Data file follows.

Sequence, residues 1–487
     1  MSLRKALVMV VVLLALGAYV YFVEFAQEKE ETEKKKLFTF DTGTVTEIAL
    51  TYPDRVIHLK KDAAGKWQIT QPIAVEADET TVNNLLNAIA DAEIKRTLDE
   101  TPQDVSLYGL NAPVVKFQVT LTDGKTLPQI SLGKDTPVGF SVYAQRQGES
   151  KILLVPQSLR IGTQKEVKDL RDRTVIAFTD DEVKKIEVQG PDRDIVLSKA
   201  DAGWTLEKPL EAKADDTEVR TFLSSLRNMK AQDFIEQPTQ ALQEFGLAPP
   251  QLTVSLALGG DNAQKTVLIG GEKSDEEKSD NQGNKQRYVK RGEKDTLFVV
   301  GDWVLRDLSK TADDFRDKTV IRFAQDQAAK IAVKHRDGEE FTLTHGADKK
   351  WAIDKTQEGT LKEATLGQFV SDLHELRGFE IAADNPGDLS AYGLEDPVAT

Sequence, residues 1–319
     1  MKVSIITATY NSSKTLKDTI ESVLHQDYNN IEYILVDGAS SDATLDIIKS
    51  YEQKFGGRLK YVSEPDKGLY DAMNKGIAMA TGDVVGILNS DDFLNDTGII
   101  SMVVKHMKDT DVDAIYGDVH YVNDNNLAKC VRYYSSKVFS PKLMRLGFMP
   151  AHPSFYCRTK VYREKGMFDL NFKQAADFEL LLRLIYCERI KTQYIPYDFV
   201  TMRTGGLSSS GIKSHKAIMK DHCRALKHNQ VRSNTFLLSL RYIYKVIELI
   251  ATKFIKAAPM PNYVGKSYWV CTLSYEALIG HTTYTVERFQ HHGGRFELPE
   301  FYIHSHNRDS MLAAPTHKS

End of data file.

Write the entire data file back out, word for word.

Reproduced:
Sequence, residues 1–487
     1  MSLRKALVMV VVLLALGAYV YFVEFAQEKE ETEKKKLFTF DTGTVTEIAL
    51  TYPDRVIHLK KDAAGKWQIT QPIAVEADET TVNNLLNAIA DAEIKRTLDE
   101  TPQDVSLYGL NAPVVKFQVT LTDGKTLPQI SLGKDTPVGF SVYAQRQGES
   151  KILLVPQSLR IGTQKEVKDL RDRTVIAFTD DEVKKIEVQG PDRDIVLSKA
   201  DAGWTLEKPL EAKADDTEVR TFLSSLRNMK AQDFIEQPTQ ALQEFGLAPP
   251  QLTVSLALGG DNAQKTVLIG GEKSDEEKSD NQGNKQRYVK RGEKDTLFVV
   301  GDWVLRDLSK TADDFRDKTV IRFAQDQAAK IAVKHRDGEE FTLTHGADKK
   351  WAIDKTQEGT LKEATLGQFV SDLHELRGFE IAADNPGDLS AYGLEDPVAT

Sequence, residues 1–319
     1  MKVSIITATY NSSKTLKDTI ESVLHQDYNN IEYILVDGAS SDATLDIIKS
    51  YEQKFGGRLK YVSEPDKGLY DAMNKGIAMA TGDVVGILNS DDFLNDTGII
   101  SMVVKHMKDT DVDAIYGDVH YVNDNNLAKC VRYYSSKVFS PKLMRLGFMP
   151  AHPSFYCRTK VYREKGMFDL NFKQAADFEL LLRLIYCERI KTQYIPYDFV
   201  TMRTGGLSSS GIKSHKAIMK DHCRALKHNQ VRSNTFLLSL RYIYKVIELI
   251  ATKFIKAAPM PNYVGKSYWV CTLSYEALIG HTTYTVERFQ HHGGRFELPE
   301  FYIHSHNRDS MLAAPTHKS